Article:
“Right now the profit is big, but when the competition heats up in smaller cities they have to lower prices,” said Cherry Leung, Bernstein’s analyst.
But Didi supporters argue that its profitability is scalable because its competitors are unlikely to engage in a three-way price war fought between Didi, domestic rival Kuaidi Dache and Uber, from which Cheng Wei, the chairman of Didi, came out victorious in 2016.
Cheng is Jean Liu, a former Goldman Sachs banker who became president of Didi in 2015, have so far avoided having to spend other costly subsidies to defend rivals.
“It’s a very simple question: if you want to do the same thing as Didi, are you willing to spend $ 20 billion to attract users?” said Kevin Wang, a founding partner of Ameba Capital and a first investor in Kuaidi Dache, who united with Didi in 2015.
After conceding the defeat to Didi, Uber retained a significant shareholding, now about 12.8 percent. Other major investors include SoftBank’s Vision Fund, with 21.5 percent, and Tencent, with 6.8 percent.
More urgent than competition is the question of whether Didi can navigate a rigorous regulatory scrutiny during Beijing’s vast crackdown on technology groups that have grown too powerful, too soon.
The company has been under fire for a series of issues for failing to secure the passenger safety to the concerns of unfair competition and low pay for drivers.
Earlier this month, a financial publication under the Xinhua news agency said antitrust investigations were a “hanging sword” over the IPO, citing concerns about price hikes and an investigation into the Didi’s agreement to resume business in China from Uber, few of which have ever been released.
In May, Didi’s executives, along with more than 30 other riding companies, were summoned by the Ministry of Transport over concerns regarding the pay of drivers, following complaints that Didi had taken a 30% reduction. of some rates.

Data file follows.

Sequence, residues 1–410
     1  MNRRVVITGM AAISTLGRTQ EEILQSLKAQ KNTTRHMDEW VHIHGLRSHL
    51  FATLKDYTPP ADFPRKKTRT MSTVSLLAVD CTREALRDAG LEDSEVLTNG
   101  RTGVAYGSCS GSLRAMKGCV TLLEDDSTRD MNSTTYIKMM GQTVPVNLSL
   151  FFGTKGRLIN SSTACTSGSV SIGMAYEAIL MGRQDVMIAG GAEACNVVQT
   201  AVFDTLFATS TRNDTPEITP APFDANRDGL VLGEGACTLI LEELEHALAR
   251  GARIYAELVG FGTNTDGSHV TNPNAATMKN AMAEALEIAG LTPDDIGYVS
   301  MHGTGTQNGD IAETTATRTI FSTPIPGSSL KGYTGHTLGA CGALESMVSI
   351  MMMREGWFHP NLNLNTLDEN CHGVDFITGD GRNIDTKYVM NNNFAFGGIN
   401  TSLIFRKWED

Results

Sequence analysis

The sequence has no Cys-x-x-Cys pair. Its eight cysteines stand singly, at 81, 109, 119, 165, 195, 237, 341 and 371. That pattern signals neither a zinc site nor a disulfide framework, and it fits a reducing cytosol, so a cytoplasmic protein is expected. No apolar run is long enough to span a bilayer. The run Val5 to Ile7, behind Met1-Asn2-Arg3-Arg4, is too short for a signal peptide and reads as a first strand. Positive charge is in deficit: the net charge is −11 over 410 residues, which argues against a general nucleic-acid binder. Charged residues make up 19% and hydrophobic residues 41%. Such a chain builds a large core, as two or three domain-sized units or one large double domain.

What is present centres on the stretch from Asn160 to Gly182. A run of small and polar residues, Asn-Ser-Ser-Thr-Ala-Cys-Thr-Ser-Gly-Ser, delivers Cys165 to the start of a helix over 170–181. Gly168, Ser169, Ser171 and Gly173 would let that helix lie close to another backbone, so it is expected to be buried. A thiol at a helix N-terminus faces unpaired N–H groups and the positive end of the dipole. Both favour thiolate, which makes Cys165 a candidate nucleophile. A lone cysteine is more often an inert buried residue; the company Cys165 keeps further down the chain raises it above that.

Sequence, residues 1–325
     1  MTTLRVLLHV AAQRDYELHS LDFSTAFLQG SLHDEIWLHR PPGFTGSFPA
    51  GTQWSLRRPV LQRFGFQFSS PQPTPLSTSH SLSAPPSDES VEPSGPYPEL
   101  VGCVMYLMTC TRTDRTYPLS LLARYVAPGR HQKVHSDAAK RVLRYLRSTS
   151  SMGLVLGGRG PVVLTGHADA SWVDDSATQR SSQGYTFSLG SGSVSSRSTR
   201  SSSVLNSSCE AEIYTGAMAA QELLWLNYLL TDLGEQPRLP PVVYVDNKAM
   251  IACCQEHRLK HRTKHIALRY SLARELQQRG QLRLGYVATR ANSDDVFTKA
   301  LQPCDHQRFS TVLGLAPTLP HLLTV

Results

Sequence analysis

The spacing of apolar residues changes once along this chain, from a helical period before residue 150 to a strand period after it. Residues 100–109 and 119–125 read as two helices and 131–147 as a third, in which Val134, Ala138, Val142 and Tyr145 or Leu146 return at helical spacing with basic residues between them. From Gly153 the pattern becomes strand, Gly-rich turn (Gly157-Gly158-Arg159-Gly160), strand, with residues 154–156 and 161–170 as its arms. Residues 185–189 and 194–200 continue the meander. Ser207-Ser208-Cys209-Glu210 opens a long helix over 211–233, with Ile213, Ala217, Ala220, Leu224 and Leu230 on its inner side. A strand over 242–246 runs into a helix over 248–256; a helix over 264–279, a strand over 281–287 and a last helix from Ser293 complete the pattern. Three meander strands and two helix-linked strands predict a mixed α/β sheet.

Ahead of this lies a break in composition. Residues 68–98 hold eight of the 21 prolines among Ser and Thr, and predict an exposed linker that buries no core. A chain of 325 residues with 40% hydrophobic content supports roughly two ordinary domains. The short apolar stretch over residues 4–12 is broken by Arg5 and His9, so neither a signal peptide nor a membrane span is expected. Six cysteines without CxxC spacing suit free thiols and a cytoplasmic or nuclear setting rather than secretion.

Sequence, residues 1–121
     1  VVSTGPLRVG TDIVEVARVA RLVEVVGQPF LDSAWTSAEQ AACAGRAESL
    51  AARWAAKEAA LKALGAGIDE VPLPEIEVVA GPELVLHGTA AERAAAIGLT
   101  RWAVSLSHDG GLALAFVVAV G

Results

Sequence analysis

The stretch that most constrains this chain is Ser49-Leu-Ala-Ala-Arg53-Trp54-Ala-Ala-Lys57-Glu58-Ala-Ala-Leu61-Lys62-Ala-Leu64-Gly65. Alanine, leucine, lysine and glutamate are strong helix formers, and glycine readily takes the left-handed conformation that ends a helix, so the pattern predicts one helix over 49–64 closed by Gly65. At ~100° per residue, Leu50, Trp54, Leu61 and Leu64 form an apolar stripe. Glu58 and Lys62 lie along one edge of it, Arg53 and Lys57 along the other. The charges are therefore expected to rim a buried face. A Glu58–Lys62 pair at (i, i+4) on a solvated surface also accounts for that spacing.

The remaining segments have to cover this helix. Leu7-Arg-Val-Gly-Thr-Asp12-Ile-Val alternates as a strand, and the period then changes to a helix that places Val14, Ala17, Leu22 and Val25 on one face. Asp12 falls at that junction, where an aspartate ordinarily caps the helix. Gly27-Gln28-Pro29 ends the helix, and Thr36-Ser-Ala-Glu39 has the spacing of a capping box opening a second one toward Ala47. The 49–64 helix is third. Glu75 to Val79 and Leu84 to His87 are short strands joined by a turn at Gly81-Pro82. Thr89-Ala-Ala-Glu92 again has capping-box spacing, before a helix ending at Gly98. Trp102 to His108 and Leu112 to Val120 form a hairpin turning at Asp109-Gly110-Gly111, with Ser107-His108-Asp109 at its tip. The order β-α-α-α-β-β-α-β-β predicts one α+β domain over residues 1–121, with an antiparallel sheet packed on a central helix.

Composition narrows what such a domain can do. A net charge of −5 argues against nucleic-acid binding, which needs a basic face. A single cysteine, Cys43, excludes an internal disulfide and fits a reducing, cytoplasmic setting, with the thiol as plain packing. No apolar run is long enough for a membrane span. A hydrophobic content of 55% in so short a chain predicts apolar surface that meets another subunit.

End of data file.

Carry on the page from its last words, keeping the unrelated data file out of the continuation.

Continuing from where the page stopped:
The company said the allocation applied only to less than 3 percent of cases and promised to do better to ensure fair pay for drivers.
Despite this, the company was sent a clear warning by the authorities: “If Didi does not immediately rectify his behavior, there could be a further escalation of regulatory actions,” said Angela Zhang, a researcher at Chinese antitrust law at the University of Hong Kong. .
In the future, Didi will still see promise in self-driving, hoping to cut the need to pay drivers, which accounts for 50% of the company’s costs.
But it has taken a more cautious approach than rivals such as Baidu and AutoX, an Alibaba-backed start-up, which have begun removing security drivers from vehicles. He secured a license to transport passengers in autonomous vehicles in Shanghai last year, but said little about his tests.
Zhang Xiang, a China-based independent industry analyst, said Didi’s autonomous driving investment is a way to differentiate itself from Uber after the American company. abandoned self-driving by the end of 2020 and to potentially ensure a high rating for their autonomous activity.
“It makes zero sense to launch as a pure autonomous robotaxi service,” said one of Didi’s first investors. “It will have to be hybrid built on Didi’s mobility business, which took several years to build a back-end technology platform.”
More information from Emma Zhou in Beijing